Encinitas may fund pedestrian pathways along La Costa, Vulcan avenues

The downtown Encinitas sign.
(The San Diego Union-Tribune)

The City Council is considering adding projects to coming fiscal year’s budget


As the clock ticks down toward the deadline for approving the coming fiscal year’s budget, the Encinitas City Council is considering adding a few items, including pedestrian pathway projects in the city’s northwest region.

City finance employees expect to introduce their final proposed budgets at a May 24 council meeting, with the goal of adopting these spending plans at the council’s June 14 meeting.

The city has two key budget documents — a General Fund spending plan, which covers day-to-day expenses such as policing, and a Capital Improvement Projects budget, which contains large construction projects. Both must be approved by June 30. The new fiscal year begins July 1.

At a special meeting in March, the council reviewed a list of 14 items totaling $2.66 million that the city manager is recommending adding to the budget. Those items included new fire department employees, a marine safety lieutenant, a housing management analyst and a mobility manager, as well as start-up funding for a future city arts center and design work for at-grade railroad crossing points in Leucadia.

Last week, the City Council held a second budget workshop and considered five requests that the city manager did not include on her wish list. Those items were:

  • $110,000 for sand volleyball and pickle ball courts at Encinitas Community Park;
  • $240,000 in extra funding for the city’s annual roadway repaving budget;
  • $250,000 for a Leucadia Avenue bridge repair project over Interstate 5;
  • $650,000 for a storm drainage project on Jason Street that would remove a “lake” that develops after rainstorms;
  • $1 million for a La Costa Avenue pedestrian pathway from Vulcan Avenue to Interstate 5.

The total cost of doing all of those items is $2.24 million, but the city only has about $551,000 in extra money that it can set aside for them, so some hard choices need to be made, Assistant Finance Director Tom Gallup told the council.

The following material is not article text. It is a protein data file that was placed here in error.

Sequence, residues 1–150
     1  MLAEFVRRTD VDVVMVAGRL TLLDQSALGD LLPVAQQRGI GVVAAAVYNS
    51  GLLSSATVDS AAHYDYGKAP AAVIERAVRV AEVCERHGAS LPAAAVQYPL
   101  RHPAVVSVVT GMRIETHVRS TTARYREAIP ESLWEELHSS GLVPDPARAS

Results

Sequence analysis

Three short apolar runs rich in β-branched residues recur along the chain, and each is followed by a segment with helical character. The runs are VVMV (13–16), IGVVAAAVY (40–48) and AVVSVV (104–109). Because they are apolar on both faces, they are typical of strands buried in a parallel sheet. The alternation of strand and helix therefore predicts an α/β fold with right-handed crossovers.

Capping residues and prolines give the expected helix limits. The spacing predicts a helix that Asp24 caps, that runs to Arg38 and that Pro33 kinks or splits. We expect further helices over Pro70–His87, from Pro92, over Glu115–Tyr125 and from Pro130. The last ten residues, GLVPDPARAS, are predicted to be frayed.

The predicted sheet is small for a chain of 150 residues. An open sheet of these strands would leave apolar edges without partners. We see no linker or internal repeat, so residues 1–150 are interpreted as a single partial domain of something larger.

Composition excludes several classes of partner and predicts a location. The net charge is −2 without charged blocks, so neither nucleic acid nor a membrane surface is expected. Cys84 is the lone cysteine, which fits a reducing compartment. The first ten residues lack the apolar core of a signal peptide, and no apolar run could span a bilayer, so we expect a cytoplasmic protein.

After public testimony and some debate, council members voted to recommend adding $240,000 to the roadway repaving budget and setting aside some funding for pedestrian pathways along both La Costa and Vulcan avenues.

“Honestly, not a day goes by that I don’t hear about (the problems on) Vulcan,” Councilmember Kellie Hinze said as she described why she would support any improvements, however small, to that roadway.

Mayor Tony Kranz said pedestrian improvements to La Costa Avenue also were “long overdue.”

City Manager Pamela Antil noted that once the $240,000 for the extra roadway repaving funding is subtracted from the $551,000, there will only be $311,000 left for the pedestrian pathway projects. That’s not going to be enough just for the design work for both projects, she said.

Kranz said he hoped the city could do at least a little work on each area. Simply moving the wheel stops and changing the way vehicles park along Vulcan Avenue could improve conditions for pedestrians and cyclists, he said.

The council will revisit the pathway funding issue in June when the final budget numbers are available, and “we’ll deal with reality at that time,” he added.